I cannot recall a time when the NHS didn’t need more money, and I was born before the NHS. There is no doubt that clinical advances have prolonged the lives of most of the population – which is a tribute to its success – but its resources have not grown proportionately. I think the areas sadly lacking are continuing care and domiciliary care which are people-intensive needs rather than administered through drug prescriptions or physical procedures or other interventions. During the Cold War we spent 4% of our GDP on defence and other military action; now it is barely 2%. How and where have we managed to fritter away the other 2% with so little to show for it? Perhaps much has gone to the NHS and it hasn’t been spent wisely. Inefficiency and managerial inadequacy remain major challenges. Is it all too big? Perhaps the economies of scale are eroded by complexity and friction in the mechanism that consume more energy but reduce the output.

My wife has dementia and incontinence. I have been looking after her at home for about 3 years since the dementia began. I asked for a doctor to visit her in October 2017, in writing, but no visit was ever made – my request was totally ignored. (We also asked for help in gaining access to the bath, but are still waiting after 3½ years!) When she had a fall a few days later she was taken by ambulance (after a 7 hour wait) to hospital, although apparently uninjured. For a month there were discussions over her being discharged which then then cancelled, as she had ‘deteriorated’ – she lost a lot of weight, needed oxygen and other treatment which had not been needed at home. I suggest poor care was the cause. Wishing to get her out of the hospital; arrangements were made for a ‘fast track’ move to a care home. No one would discuss costs, except to say there would be no charge initially as it was funded under continuing health care under end of life rules. Now I am told that full care cannot be continued – as she is “better” which I interpret as recovered from poor treatment in hospital, but not “better” than she was at home. I am disabled and in receipt of DLA and Industrial Injuries Benefit (that is another story of ‘management incompetence) and so looking after her at home is really not possible. I am now having to declare all sorts of financial details, but have not been offered an opportunity to appeal the decision. She gave many years as a NHS worker. Is this fair?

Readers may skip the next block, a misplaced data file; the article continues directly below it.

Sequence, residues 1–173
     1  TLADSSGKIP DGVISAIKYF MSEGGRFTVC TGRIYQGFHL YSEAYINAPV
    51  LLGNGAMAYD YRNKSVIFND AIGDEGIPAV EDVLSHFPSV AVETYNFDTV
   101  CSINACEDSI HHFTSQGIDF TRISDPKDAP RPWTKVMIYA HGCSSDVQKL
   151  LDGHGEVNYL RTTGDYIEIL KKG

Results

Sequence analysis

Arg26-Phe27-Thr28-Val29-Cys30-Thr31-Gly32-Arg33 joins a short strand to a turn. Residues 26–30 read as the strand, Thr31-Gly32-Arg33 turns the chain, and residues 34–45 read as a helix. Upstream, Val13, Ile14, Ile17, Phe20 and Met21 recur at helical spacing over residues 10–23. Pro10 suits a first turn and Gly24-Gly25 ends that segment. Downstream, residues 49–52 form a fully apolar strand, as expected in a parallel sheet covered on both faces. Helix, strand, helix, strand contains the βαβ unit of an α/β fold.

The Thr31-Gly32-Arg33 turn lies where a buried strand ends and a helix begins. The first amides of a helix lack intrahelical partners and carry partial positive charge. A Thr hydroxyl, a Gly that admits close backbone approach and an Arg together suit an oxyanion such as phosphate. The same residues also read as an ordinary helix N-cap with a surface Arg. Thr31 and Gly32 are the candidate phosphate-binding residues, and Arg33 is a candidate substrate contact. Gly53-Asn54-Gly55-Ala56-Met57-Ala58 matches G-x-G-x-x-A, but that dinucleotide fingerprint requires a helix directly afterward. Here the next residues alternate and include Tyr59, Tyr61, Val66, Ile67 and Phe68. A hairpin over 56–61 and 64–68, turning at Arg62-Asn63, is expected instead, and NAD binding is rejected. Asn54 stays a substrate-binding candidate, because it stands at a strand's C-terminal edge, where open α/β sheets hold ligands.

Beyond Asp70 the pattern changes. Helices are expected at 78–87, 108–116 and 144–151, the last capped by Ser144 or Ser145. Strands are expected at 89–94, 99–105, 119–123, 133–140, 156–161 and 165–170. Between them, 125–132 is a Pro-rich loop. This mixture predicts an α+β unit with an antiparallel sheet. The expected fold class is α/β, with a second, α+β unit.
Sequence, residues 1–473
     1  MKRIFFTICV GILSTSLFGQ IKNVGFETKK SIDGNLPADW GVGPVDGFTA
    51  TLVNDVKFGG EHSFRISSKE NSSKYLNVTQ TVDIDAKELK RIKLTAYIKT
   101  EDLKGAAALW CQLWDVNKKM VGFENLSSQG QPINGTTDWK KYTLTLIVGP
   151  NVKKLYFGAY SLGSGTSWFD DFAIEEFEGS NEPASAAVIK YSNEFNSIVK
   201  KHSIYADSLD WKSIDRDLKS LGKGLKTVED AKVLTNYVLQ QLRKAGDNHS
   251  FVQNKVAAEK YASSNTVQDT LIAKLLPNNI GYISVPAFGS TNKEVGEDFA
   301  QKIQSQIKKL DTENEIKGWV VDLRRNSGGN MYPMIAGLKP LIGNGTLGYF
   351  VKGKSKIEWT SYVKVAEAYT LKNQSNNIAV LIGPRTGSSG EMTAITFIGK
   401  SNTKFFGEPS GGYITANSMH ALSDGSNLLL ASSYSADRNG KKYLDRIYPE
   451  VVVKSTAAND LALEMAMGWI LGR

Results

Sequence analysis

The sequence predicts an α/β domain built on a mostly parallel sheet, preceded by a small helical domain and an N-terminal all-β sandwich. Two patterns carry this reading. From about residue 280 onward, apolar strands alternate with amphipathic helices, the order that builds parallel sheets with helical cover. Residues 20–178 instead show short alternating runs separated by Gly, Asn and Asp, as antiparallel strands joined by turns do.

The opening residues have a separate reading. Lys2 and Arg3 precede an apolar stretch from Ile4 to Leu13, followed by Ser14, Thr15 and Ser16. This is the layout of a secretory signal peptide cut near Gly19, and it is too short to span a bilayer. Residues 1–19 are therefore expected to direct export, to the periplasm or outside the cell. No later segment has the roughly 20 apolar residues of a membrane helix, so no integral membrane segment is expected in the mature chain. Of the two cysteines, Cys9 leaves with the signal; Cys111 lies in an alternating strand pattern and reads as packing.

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Too much has probably gone towards interest on the £1.78 trillion UK National Debt – approximately 87.7% of GDP, now renamed the PSNCR (Public Sector Net Cash Requirement).

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Steve Bolter says:
22 April 2018

Why trivialise this very serious matter by describing it as a “postcode lottery”?
What has it to do with one’s postcode?
NHS care depends on which GP you choose.
I live in Essex with an Essex postcode and a Suffolk GP. Some people with exactly the same postcode have an Essex GP.
Some people who live in Essex have a Suffolk Postcode and an Essex GP.